If you put more than one functionality in one Class in Java it introduces coupling between two functionality and even if you change one functionality there is a chance you broke coupled functionality,  which requires another round of testing to avoid any surprise on the production environment.

You can further see From 0 to 1: Design Patterns - 24 That Matter course on Udemy to learn about patterns which are based on this principle. 


Dependency Injection or Inversion principle

Don't ask for dependency it will be provided to you by the framework. This has been very well implemented in Spring framework, the beauty of this design principle is that any class which is injected by DI framework is easy to test with the mock object and easier to maintain because object creation code is centralized in the framework and client code is not littered with that.

Dependency Injection or Inversion principle


There are multiple ways to implemented Dependency injection like using byte code instrumentation which some AOP (Aspect Oriented programming) framework like AspectJ does or by using proxies just like used in Spring. See this example of IOC and DI design pattern to learn more about this SOLID design principle. It represents "D" on the SOLID acronym.



Favor Composition over Inheritance

Always favor composition over inheritance, if possible. Some of you may argue this, but I found that Composition is the lot more flexible than Inheritance.

Composition allows changing behavior of a class at run-time by setting property during run-time and by using Interfaces to compose a class we use polymorphism which provides flexibility of to replace with better implementation any time.

Favor Composition over Inheritance



Even Effective Java advise favoring composition over inheritance. See here to learn more about why you Composition is better than Inheritance for reusing code and functionality. 


Liskov Substitution Principle (LSP)

According to Liskov Substitution Principle, Subtypes must be substitutable for supertype i.e. methods or functions which uses superclass type must be able to work with the object of subclass without any issue".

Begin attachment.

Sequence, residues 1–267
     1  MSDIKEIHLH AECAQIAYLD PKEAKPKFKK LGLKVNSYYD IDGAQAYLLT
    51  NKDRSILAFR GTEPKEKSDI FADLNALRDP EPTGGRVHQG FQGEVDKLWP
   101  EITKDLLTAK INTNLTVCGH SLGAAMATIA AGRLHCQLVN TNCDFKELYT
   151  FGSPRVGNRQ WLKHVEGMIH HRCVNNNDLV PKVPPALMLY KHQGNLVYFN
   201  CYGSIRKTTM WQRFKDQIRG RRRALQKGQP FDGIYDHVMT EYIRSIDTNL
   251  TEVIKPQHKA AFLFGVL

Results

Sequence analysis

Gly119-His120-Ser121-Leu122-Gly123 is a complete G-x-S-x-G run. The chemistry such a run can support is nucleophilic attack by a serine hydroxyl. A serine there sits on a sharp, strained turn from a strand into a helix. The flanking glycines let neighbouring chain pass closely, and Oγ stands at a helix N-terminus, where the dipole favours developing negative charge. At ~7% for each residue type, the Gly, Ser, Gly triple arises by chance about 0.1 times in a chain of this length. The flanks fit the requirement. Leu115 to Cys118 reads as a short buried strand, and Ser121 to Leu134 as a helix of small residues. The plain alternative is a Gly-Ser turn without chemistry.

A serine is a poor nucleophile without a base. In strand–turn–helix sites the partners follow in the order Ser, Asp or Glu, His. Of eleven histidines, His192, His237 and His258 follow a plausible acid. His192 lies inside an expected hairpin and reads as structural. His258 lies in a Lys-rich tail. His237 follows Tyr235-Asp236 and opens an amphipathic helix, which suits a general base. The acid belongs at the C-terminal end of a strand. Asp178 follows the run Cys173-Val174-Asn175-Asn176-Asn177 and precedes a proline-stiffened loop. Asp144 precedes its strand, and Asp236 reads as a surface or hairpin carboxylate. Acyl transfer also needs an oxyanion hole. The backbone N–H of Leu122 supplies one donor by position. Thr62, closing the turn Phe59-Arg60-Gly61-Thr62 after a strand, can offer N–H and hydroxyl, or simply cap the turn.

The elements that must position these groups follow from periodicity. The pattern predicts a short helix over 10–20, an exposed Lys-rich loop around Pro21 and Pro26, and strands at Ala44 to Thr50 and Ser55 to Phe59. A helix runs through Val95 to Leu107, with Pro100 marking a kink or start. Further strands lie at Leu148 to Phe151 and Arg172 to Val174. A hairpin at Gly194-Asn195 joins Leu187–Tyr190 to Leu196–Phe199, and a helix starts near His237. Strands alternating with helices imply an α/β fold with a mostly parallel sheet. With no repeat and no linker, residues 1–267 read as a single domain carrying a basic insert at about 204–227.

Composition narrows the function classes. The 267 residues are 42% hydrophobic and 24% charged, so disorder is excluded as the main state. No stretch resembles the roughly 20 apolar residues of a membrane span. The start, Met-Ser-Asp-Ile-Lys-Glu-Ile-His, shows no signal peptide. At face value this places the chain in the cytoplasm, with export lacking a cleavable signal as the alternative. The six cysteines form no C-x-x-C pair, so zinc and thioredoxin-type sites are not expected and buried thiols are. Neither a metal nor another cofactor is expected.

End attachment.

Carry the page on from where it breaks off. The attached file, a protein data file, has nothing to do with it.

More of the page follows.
LSP is closely related to Single responsibility principle and Interface Segregation Principle. If a class has more functionality than subclass might not support some of the functionality and does violate LSP.

Liskov Substitution Principle (LSP)


In order to follow LSP SOLID design principle, derived class or subclass must enhance functionality, but not reduce them. LSP represents "L" on the SOLID acronym.  If you are interested in a more real-world example, then SOLID Principles of Object Oriented Design course on Pluarlsight is a good course to start with. 


Interface Segregation Principle (ISP)

Interface Segregation Principle stats that, a client should not implement an interface if it doesn't use that. This happens mostly when one interface contains more than one functionality, and the client only needs one functionality and no other.

Interface design is a tricky job because once you release your interface you can not change it without breaking all implementation.

Interface Segregation Principle (ISP)


Another benefit of this design principle in Java is, the interface has the disadvantage to implementing all method before any class can use it so having single functionality means less method to implement. If you don't the get the benefit of the interface in coding then I suggest you read my blog post, the real usage of an interface in Java to learn more. 


Programming for Interface not implementation

Always program for the interface and not for implementation this will lead to flexible code which can work with any new implementation of the interface.

So use interface type on variables, return types of method or argument type of methods in Java.


This has been advised in many Java books including in Effective Java and Head First design pattern book.





Delegation principles

Don't do all stuff by yourself,  delegate it to respective class. Classical example of delegation design principle is equals() and hashCode() method in Java. In order to compare two objects for equality, we ask class itself to do comparison instead of Client class doing that check.

The key benefit of this design principle is no duplication of code and pretty easy to modify behavior. Event delegation is another example of this principle, where an event is delegated to handlers for handling. 

Delegation principle in Java


Summary

All these object-oriented design principles help you write flexible and better code by striving high cohesion and low coupling. The theory is the first step, but what is most important is to develop the ability to find out when to apply these design principle. Once you get hold of that, next step is to Experience Design Patterns In Java

Here is a nice summary of all these OOP design principles.

Object oriented and SOLID design principle in Java


Find out, whether we are violating any design principle and compromising flexibility of code, but again as nothing is perfect in this world, don't always try to solve the problem with design patterns and design principle they are mostly for large enterprise project which has longer maintenance cycle.

Other Java and Programming Resources you may like
From 0 to 1: Design Patterns - 24 That Matter - In Java
10 Books Every Programmer Must Read
10 Tips to Improve Your Programming skill
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10 Articles Every Programmer Should Read
10 Framework and Library Java and Web Developer Should Learn